slong at rathaus
Apr 21, 2012, 9:44 PM
I've been working with GNU make quite a lot recently, and I came across the
.LIBPATTERNS variable. This variable means that make expands all -lname
prerequisites via a library path search of /lib and /usr/lib *before* any
command sees it. (It searches local paths set in the makefile first, which
is useful for linking to built libs, though imo the build-system is better
off using -L parameters in LDFLAGS for those.)
You can read about it in 'info make' Section 4.5.6 (just hit / and type
LIBPATTERN<Enter> to find it.)
The default setting is active in make as installed, as it should be, which
you can verify with: make -p -f /dev/null|grep -F LIBPATTERN
I can find nothing overriding it in portage, which makes sense, since in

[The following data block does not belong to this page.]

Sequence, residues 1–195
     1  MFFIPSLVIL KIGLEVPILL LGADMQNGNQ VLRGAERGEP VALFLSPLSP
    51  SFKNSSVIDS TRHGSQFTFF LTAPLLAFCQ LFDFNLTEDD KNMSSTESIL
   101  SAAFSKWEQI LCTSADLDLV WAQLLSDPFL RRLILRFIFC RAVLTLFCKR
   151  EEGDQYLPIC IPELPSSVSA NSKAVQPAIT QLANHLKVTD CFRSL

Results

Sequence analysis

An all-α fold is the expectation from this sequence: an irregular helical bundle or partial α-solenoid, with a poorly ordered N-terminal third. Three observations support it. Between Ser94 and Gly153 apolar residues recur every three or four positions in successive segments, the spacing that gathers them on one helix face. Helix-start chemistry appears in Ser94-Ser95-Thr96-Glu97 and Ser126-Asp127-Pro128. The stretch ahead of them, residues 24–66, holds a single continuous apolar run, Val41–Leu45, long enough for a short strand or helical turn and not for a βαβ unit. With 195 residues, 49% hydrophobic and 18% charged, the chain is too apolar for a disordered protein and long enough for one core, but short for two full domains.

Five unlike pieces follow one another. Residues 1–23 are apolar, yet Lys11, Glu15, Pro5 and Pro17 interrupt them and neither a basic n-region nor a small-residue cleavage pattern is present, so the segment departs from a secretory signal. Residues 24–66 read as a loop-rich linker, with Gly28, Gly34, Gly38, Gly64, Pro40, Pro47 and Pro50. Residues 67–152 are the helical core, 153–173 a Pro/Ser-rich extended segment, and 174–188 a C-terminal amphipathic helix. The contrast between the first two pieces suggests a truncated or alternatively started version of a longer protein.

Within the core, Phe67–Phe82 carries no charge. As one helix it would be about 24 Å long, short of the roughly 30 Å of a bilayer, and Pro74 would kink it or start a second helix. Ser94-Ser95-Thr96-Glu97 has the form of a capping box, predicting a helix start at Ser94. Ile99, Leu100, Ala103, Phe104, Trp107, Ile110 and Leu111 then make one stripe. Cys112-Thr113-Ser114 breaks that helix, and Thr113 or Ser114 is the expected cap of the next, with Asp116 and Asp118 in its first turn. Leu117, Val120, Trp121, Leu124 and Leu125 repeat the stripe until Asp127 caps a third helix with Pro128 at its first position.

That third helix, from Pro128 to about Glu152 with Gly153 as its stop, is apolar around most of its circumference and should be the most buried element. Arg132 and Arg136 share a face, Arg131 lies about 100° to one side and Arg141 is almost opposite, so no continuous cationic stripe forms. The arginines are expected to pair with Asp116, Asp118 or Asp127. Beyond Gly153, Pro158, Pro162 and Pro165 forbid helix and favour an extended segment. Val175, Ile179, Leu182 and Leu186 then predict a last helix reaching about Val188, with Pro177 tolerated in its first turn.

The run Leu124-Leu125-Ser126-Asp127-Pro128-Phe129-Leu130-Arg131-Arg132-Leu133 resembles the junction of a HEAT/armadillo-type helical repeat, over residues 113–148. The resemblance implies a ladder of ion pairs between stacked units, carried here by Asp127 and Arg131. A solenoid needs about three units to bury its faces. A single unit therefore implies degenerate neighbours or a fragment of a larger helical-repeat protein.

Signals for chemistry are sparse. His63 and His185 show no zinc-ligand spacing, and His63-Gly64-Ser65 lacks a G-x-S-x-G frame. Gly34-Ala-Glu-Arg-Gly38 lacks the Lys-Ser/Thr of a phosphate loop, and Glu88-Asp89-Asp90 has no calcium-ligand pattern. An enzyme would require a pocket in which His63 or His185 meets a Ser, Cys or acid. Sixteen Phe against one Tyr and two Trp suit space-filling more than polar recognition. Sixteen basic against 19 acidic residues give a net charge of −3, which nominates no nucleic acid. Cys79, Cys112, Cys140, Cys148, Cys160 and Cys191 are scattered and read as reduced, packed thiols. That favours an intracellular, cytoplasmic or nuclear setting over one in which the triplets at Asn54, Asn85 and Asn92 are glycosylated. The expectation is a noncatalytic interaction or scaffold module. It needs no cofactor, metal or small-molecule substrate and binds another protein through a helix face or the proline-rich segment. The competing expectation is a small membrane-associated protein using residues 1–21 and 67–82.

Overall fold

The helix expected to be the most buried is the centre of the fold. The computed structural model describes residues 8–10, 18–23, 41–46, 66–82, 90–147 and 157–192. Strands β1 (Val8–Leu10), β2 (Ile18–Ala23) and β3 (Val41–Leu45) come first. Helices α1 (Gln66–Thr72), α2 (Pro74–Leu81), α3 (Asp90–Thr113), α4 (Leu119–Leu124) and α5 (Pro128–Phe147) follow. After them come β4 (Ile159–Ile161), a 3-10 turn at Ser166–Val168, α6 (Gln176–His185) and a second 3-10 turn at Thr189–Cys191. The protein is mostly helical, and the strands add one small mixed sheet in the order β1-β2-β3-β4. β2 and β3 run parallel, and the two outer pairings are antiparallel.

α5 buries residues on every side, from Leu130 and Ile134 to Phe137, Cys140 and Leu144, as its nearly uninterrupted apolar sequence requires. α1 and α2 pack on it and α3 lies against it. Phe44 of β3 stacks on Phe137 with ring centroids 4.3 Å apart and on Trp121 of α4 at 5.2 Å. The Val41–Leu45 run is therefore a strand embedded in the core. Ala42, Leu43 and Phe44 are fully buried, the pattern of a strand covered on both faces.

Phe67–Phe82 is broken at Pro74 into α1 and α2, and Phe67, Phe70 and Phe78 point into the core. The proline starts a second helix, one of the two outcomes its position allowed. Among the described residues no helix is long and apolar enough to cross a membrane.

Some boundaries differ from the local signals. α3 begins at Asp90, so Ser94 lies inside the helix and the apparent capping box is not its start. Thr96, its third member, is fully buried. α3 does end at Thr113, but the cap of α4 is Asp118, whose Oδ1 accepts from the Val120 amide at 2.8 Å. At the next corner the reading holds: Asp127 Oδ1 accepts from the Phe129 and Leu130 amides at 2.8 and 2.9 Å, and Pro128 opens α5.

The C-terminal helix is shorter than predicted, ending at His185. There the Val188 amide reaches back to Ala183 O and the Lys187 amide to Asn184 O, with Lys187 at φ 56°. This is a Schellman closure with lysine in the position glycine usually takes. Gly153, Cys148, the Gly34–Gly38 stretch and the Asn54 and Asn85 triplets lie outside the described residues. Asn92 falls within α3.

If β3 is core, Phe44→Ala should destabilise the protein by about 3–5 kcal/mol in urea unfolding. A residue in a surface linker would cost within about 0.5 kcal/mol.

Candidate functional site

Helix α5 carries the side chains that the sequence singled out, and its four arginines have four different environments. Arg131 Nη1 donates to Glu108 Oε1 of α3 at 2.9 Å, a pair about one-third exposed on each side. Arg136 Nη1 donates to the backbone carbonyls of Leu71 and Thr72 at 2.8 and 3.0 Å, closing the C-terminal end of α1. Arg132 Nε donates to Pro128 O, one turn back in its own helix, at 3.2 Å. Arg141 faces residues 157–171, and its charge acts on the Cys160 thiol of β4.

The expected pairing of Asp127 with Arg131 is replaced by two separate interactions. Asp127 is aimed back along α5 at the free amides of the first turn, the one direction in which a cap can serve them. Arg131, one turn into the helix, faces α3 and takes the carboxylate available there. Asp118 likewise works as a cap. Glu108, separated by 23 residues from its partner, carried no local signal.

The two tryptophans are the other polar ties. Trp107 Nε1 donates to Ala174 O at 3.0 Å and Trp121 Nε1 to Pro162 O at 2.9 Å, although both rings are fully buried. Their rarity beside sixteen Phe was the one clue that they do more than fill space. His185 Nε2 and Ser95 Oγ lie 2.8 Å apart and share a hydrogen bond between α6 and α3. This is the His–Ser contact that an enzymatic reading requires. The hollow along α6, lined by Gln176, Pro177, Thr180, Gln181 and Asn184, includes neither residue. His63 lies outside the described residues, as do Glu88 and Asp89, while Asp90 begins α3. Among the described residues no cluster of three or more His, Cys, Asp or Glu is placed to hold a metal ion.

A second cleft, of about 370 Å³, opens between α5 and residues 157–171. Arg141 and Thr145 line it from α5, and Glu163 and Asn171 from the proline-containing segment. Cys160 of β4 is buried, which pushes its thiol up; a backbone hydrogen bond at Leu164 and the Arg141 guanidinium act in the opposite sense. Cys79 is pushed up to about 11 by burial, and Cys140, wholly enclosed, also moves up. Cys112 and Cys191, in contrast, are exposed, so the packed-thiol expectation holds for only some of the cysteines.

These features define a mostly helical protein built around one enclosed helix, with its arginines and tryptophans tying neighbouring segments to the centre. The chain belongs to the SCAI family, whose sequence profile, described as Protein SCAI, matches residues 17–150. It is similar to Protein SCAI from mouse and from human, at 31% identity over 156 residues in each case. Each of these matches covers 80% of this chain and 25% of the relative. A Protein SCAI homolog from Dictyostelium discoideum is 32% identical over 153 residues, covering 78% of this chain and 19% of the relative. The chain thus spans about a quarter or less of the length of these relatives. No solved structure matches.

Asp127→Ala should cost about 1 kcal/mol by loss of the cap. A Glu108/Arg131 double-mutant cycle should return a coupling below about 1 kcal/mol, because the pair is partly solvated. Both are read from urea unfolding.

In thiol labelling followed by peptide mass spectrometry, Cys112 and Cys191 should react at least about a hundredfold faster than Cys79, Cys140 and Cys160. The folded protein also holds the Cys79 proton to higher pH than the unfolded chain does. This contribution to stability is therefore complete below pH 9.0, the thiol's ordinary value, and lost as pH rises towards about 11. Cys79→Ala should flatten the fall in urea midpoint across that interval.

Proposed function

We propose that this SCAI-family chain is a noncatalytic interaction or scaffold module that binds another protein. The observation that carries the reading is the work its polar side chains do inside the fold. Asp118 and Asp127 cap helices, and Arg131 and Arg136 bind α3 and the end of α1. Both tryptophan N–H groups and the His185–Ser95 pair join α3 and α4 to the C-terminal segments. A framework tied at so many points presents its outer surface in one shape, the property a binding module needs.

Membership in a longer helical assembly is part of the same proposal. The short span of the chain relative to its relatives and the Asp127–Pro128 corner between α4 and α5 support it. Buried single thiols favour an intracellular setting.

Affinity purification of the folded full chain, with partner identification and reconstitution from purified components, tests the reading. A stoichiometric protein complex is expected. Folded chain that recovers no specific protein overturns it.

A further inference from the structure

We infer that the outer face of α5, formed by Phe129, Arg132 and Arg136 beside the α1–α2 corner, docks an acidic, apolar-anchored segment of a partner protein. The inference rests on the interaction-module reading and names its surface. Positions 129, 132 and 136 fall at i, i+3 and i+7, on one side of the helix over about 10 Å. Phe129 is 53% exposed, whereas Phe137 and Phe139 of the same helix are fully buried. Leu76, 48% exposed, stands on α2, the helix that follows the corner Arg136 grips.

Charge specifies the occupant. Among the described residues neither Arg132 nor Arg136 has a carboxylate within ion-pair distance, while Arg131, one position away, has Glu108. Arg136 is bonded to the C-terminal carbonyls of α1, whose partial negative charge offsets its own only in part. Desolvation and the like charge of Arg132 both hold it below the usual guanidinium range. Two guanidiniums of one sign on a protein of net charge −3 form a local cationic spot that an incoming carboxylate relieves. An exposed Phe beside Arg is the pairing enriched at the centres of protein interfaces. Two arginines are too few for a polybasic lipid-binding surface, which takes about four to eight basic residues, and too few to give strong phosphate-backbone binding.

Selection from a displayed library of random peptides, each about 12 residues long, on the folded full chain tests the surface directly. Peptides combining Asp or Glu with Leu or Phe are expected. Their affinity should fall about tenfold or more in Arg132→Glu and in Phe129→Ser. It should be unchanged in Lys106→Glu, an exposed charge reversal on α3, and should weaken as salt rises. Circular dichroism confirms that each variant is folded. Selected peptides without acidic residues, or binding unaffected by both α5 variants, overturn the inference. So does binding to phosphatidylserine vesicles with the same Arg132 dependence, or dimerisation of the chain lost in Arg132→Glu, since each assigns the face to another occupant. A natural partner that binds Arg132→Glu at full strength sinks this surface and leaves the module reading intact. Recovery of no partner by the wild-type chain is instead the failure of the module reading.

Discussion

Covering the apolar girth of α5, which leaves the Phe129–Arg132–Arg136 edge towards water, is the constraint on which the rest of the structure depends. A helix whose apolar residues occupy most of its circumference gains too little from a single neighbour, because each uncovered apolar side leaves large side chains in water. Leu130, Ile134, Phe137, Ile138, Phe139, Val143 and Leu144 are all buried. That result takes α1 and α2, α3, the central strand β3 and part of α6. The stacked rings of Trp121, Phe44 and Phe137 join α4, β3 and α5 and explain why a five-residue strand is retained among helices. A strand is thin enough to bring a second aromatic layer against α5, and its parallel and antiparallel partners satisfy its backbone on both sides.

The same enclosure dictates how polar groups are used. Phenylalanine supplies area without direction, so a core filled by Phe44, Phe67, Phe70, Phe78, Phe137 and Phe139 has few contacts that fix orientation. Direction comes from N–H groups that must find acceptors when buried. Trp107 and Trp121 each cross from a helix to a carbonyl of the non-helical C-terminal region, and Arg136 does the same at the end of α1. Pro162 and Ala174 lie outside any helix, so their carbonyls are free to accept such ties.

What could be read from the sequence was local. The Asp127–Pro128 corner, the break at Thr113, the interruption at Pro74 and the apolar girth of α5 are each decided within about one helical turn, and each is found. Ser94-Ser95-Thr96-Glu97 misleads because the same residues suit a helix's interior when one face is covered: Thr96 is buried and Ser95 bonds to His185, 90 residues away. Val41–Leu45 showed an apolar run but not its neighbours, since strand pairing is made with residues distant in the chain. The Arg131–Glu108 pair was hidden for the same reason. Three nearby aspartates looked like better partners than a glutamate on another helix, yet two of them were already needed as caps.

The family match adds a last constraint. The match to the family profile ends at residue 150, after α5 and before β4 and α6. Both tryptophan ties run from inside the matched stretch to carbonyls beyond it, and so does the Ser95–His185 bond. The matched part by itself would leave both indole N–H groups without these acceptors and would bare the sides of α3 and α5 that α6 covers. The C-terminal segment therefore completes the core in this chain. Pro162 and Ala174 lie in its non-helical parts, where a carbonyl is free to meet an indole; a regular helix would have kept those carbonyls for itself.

general one cannot know if the package in question uses gmake .LIBPATTERNS
to link to locally-built libs. However I can't help thinking of it as
harmful for a package manager, since a command like ld would be given a
parameter of say, /usr/lib/libfoo.so, not -lfoo, meaning LDFLAGS would be
irrelevant for its lookup.
My feeling is that build-systems reliant on the default gmake behaviour for
locally-built libs (ie not setting any -L params and also having to link
locally) would be rare, but it's just that: a gut-feeling with no data.
Preferably they'd be marked as such so that the package manager could deal
with that corner-case, while patches to supply local -L params could be
worked on, in advance of submission upstream.
I'd hope upstream would accept them, since it makes cross-development
easier. (One definitely does not want make expanding -lname to a library in
/lib or /usr/lib in that case, and it's better to error out if the library
can't be found than link to host libs.)
The reason I bring it up is because we have been discussing library linkage
issues wrt initramfs. I also seem to recall quite a few blog posts and
discussions of arbitrary linkage to libs in /usr. .LIBPATTERNS not being
empty would certainly explain that.
#friendly-coders -- We're friendly, but we're not /that/ friendly ;-)